Class Notes

NEWS OF 1956

From the Alumni House:

Our sympathy goes to Herbert P. Hartman on the death of his wife in April.


 

NEWS OF 1955
Reunion May 20-21

From Helen Varady Keyser:

My husband, John, and I visited the Janos Enyedi “Made in America” exhibit of Bethlehem Steel paintings and sculpture on its last day (January 25) at Payne Gallery. We met the artist and spoke to him in English and Hungarian as he prepared the exhibit to move to Georgia and Ohio.

Rev. Frank Flisser, retired pastor of St. John’s Windish Lutheran Church in Bethlehem, also visited Payne Gallery to see the show. As he entered, he encountered Rev. Douglas Caldwell ’66, ’69, pastor of Central Moravian Church, trustee of Moravian College and Moravian Theological Seminary, and president of the board of trustees of St. Luke’s Hospital. Dr. Flisser is a member of Lehigh Valley Hospital/Muhlenberg’s board of trustees. A spirited discussion about local hospitals ensued.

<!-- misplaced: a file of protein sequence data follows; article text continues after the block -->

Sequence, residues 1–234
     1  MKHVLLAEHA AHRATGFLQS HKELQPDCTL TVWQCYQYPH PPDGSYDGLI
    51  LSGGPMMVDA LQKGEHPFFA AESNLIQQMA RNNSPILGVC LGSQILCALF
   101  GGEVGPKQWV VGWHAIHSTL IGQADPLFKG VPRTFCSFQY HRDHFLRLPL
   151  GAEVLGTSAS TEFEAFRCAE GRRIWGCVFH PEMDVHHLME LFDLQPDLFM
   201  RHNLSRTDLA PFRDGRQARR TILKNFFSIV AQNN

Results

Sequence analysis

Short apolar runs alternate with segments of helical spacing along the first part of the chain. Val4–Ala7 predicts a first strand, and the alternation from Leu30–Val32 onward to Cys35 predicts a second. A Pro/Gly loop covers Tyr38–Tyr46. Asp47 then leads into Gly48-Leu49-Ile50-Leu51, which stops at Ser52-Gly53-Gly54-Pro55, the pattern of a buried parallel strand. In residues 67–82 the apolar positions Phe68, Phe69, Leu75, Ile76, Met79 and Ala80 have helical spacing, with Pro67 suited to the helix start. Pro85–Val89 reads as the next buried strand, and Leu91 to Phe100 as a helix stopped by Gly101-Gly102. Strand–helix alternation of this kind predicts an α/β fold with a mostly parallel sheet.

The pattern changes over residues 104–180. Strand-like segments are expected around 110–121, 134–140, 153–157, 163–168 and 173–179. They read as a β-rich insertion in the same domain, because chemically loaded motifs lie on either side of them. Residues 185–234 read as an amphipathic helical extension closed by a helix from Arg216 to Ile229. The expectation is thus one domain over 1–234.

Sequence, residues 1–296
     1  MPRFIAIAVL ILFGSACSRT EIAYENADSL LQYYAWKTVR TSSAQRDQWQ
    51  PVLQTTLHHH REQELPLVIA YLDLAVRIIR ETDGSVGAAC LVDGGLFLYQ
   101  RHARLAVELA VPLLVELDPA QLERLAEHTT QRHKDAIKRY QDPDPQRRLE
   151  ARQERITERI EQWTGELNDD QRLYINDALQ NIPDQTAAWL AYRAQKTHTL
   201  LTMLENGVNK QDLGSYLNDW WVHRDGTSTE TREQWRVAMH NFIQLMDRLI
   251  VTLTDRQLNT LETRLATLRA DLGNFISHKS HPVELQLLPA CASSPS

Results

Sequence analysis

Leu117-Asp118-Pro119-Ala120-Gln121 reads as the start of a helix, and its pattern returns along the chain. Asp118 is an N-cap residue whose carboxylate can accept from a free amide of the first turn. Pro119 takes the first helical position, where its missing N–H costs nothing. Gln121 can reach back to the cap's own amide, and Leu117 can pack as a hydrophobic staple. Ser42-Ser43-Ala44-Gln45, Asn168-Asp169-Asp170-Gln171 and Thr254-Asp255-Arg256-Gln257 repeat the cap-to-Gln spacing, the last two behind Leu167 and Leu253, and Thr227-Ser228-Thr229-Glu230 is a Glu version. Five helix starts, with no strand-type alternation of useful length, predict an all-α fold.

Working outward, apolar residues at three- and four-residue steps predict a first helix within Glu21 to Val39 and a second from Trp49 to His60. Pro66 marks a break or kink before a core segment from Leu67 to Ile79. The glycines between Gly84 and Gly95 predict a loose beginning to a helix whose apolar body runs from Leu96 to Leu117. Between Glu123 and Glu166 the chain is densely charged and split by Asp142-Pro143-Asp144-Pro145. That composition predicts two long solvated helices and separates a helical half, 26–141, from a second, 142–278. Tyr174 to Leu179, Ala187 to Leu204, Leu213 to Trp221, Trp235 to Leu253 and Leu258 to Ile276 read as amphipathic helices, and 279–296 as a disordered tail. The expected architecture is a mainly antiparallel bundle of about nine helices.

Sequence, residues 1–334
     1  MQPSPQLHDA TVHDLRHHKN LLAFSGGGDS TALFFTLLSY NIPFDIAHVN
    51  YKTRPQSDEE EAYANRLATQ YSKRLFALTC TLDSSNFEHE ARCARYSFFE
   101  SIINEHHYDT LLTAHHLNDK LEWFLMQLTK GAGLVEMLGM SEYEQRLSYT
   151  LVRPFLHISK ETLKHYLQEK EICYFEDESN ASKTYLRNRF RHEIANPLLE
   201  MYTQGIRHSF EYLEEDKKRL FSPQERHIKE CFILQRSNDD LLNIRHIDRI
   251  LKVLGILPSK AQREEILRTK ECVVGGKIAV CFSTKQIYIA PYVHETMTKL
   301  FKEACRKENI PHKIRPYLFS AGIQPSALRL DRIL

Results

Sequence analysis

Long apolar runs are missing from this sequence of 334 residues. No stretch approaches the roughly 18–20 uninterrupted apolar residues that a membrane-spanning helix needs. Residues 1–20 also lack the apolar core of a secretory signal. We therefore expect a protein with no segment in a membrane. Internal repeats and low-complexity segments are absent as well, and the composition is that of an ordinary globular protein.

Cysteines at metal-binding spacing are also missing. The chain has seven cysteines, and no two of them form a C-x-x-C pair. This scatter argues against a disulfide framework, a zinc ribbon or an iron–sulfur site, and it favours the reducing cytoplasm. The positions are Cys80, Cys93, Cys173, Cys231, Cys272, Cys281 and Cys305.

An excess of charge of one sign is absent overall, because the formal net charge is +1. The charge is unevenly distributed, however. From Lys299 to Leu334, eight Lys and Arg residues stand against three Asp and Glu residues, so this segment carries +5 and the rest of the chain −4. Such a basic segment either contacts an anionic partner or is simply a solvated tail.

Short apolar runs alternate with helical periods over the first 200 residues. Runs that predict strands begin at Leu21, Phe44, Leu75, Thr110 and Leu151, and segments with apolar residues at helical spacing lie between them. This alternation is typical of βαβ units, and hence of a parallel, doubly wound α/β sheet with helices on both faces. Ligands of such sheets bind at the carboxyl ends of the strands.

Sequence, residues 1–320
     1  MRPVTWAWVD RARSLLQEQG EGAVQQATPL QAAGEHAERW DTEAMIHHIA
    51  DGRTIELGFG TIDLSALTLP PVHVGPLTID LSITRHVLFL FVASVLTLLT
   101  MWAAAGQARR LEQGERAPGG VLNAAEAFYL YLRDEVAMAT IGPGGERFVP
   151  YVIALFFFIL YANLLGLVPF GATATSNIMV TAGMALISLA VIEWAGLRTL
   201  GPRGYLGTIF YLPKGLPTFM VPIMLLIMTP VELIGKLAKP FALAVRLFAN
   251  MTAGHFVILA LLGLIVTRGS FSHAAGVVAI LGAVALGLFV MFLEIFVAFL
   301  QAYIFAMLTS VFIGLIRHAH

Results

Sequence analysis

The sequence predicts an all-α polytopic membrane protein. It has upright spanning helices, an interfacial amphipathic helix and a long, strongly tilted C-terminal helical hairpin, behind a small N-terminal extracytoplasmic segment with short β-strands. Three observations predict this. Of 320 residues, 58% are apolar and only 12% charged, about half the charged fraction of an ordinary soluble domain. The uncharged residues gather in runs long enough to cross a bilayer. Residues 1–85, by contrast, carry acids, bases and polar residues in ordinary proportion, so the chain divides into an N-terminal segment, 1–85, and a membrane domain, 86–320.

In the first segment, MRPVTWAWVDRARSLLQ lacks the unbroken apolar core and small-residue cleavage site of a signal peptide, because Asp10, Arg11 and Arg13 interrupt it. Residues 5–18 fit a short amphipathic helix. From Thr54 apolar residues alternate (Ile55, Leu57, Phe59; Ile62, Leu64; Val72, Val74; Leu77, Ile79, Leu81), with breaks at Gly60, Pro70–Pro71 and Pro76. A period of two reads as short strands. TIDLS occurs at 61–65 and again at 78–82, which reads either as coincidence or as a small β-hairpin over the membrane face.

Rose Mandic Donchez tells us that Mary Polak Barkis ’59 of Marietta, Ga., a sculptor, attended the opening reception at the Cultural Arts Center in Douglasville, where Mary met the artists whose work was on display in the sculpture exhibit.

Kay Moyer Cressman of Round Rock, Texas, still works at the library. The area population is about 80,000, and its residents are thinking of building a fifth high school. And the area will have Triple A baseball next year!

If you saw the photo of the carriage ride through the city in the Morning Call December 11, the driver was David Cressman ’75 of Ironton, Kay’s brother-in-law, who gives horse-drawn carriage rides through historic Bethlehem during the holiday season.